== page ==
Fine Motor Improvement Therapy
Fine motor activities are the games and tasks we complete that require the use of our hands. These involve handwriting, doing up buttons, picking up small objects, manipulating items in hand, changing the channel and many more tasks. It is vitally important that children get lots of practice with fine motor activities and games. The most common household items can be used to promote hand skills, for example cutting up a sponge into small squares dipping them in paint and creating artwork, or by using toothpicks and grapes to create 2D and 3D shapes is a great way to practice fine motor skills. Useful board games for developing fine motor control include games similar to pop-up pirate, Jenga or chess.
What are fine motor skills?
Fine motor skills are essentially the ability to manipulate objects with the hands. However, this is not a simple task, involving a variety of intricate and well-timed movements of the hand. Aspects of fine motor skills are:
|Fine motor skill||Definition||Task Need|
|In hand manipulation||The ability to manipulate objects using the palm and fingers of one hand||Manipulating coins
|Finger strength and control||The ability to apply the correct level of pressure when holding objects||Grasping and stabilising objects
|Finger isolation||The ability to use one finger at a time whilst maintaining control of the other fingers||Finger painting
|Pincer grasps||The grasp used to maintain control whilst trying to place one object through another||Pencil control
|Thumb opposition||The ability to turn and rotate the thumb to touch each finger of the hand||Grasp objects varying in size
Use tools (bat, toy gun etc)
|Bilateral coordination||The ability to coordinate hand movements using both hands at the same time to manipulate objects||Tying shoe laces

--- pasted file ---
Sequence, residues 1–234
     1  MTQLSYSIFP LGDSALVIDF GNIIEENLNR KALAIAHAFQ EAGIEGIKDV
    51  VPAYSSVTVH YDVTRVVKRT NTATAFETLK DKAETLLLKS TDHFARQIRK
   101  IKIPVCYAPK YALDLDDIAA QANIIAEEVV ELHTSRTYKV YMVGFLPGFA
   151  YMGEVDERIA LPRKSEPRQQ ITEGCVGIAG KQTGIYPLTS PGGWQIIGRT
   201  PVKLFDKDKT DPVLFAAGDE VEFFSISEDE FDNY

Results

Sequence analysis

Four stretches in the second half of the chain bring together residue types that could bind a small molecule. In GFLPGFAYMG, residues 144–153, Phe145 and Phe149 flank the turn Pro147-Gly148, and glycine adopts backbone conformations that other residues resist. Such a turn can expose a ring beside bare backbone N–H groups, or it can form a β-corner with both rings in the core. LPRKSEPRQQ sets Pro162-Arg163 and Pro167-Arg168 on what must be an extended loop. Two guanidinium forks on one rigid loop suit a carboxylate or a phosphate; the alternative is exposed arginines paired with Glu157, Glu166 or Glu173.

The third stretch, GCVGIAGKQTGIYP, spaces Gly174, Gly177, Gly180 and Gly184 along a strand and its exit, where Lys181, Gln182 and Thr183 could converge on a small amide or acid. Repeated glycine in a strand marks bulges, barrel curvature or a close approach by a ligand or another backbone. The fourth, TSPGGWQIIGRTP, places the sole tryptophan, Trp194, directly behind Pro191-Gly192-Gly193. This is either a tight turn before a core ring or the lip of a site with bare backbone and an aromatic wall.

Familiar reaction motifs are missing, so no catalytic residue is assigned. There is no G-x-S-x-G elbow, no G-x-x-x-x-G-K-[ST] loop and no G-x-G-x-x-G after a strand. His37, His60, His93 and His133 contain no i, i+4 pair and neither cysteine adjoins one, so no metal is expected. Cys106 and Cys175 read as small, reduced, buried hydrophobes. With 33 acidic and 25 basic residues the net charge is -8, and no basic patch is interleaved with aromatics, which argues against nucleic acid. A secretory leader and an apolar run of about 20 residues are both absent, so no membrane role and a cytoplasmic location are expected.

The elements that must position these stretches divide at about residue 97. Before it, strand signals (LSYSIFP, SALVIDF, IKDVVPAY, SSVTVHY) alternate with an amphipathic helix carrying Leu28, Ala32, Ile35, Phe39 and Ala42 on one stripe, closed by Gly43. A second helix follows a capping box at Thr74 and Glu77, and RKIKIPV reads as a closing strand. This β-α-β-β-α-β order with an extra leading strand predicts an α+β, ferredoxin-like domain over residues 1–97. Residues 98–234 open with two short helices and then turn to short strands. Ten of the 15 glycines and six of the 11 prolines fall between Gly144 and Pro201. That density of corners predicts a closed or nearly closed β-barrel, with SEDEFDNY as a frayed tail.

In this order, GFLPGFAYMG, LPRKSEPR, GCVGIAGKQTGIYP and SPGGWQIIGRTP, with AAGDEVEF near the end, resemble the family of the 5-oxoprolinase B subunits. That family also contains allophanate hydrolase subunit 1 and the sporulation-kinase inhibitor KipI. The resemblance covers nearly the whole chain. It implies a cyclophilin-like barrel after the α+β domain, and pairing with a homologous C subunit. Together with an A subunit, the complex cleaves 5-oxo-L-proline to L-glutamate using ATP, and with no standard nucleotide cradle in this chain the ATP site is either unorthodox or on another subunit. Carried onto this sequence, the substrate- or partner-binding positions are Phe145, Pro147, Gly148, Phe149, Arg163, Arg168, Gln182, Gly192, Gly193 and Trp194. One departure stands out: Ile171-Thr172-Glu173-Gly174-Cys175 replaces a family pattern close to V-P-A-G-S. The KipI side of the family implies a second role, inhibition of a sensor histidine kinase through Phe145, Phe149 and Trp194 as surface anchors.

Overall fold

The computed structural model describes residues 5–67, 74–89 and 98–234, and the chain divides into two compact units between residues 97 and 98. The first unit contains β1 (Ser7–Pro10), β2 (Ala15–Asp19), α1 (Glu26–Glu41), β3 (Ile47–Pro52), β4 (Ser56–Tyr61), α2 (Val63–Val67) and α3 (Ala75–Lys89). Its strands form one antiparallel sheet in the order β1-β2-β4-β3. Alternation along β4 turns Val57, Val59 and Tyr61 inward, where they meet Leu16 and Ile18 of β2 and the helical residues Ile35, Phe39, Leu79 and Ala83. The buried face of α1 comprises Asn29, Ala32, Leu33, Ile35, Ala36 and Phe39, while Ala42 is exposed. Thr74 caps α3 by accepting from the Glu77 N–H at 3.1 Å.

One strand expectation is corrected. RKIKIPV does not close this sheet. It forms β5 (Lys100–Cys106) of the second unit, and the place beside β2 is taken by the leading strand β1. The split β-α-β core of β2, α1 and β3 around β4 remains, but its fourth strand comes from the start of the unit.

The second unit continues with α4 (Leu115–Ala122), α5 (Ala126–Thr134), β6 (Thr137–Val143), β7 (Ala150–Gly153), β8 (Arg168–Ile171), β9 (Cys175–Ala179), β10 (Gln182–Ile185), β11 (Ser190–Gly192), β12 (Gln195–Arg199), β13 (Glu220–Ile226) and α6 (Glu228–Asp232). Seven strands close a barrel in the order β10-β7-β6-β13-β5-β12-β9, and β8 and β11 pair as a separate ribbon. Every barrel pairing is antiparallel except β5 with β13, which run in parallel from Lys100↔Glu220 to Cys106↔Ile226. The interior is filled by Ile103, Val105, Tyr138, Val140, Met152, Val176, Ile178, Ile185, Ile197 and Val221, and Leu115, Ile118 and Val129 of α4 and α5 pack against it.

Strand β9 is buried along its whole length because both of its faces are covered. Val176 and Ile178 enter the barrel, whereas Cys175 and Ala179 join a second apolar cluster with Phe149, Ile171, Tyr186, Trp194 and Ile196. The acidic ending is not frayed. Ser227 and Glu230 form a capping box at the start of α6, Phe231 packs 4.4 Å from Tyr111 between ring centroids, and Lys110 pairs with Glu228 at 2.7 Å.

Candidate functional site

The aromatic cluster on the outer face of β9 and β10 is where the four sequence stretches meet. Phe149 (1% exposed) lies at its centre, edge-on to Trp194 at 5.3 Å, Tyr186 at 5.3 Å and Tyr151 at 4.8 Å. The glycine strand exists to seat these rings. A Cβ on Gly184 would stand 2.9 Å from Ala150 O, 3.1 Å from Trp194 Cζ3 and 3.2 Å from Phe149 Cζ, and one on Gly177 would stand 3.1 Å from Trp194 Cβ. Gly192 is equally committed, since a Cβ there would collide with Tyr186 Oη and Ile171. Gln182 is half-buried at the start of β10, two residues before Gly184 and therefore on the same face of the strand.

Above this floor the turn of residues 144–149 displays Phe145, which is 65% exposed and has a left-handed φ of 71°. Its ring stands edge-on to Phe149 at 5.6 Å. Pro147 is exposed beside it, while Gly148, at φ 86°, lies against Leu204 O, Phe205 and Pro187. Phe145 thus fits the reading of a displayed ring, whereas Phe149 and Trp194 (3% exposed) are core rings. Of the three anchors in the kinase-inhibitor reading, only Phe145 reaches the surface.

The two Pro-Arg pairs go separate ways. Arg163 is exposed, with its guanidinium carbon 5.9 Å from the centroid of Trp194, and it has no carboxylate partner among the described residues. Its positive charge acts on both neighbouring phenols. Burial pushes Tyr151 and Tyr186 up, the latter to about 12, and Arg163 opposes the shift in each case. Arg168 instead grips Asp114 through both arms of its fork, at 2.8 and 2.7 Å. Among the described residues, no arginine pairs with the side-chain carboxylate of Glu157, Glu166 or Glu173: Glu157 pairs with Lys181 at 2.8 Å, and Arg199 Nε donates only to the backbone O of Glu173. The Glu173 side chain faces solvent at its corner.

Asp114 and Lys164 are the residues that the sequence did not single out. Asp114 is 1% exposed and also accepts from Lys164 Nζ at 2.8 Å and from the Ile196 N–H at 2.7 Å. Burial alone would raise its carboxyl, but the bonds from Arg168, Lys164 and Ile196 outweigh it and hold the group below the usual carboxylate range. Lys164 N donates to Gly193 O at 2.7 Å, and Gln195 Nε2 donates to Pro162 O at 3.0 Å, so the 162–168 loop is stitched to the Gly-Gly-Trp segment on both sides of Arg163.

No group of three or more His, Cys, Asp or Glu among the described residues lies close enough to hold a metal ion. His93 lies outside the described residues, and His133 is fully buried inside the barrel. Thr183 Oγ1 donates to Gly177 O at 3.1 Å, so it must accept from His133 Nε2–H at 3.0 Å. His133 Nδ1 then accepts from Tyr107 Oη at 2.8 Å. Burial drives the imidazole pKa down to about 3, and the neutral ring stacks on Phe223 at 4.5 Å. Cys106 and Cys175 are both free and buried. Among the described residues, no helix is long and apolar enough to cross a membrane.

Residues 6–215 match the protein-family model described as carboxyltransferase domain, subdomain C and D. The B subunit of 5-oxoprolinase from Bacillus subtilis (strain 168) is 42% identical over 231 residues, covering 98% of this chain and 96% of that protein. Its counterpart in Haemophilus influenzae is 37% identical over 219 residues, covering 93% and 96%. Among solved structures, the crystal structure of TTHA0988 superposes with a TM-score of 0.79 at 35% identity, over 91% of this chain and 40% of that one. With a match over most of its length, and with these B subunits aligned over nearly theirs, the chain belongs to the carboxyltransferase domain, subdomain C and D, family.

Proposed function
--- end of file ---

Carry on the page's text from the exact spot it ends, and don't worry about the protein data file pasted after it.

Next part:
Unscrewing tops/pulling lids
|Crossing the midline||The ability to cross one hand from one side of the body to the other||Drawing large pictures
|Eye-hand coordination||The ability to use sight to guide the movements of the hand||Every task involving the hands|
|Posture||The ability to use the core and upper body to stabilise the arms and hands||Writing
|Pencil control||The ability to apply correct amounts of pressure and direction when holding a pencil||Writing
|Visual perception||The ability to perceive and control the movements of the hand||Writing
Every other Fine motor task
|Sensory integration||The ability to process the sensory feedback from objects (feel, pressure, hot, cold)||Every task
Buttons out of sight
The purpose of fine motor skills during childhood are to enable children to complete important school and home based occupations such as writing, threading, dressing and tying shoe laces. Without the ability to complete these activities children will be left behind academically compared to class mates, especially with handwriting. These early development of fine motor skills are honed and improved over time and into adulthood to ensure that they are a high functioning independent adult.
Problems that may require fine motor improvement therapy
Below is a list of common problems associated with fine motor control, that an occupational therapist can help improve.
- Unable to tie shoes
- Poor handwriting
- Difficulty getting dressed
- Inability to do up buttons
- Slow at fine motor games
- Struggles to manipulate objects with both hands
- Often compensating by using the body to stabilise objects
- Struggles to undo sandwich wrappers/lunch box
Below is a list of conditions that are commonly found alongside fine motor control difficulties, this is not an exclusive list.
- Cerebral Palsy
- Acquired head injury
- Developmental Delay
- Developmental Co-ordination disorder
- Muscular Dystrophy
- Sensory Processing Disorder
The occupational therapists has the relevant skills, knowledge and observation skills to pinpoint the difficulties your child is having and explain why they may be experiencing these and offer effective treatment sessions that can improve these skills. To be referred for an Occupational Therapy assessment or to discuss anything in more detail please email firstname.lastname@example.org or call us on 0330 223 0888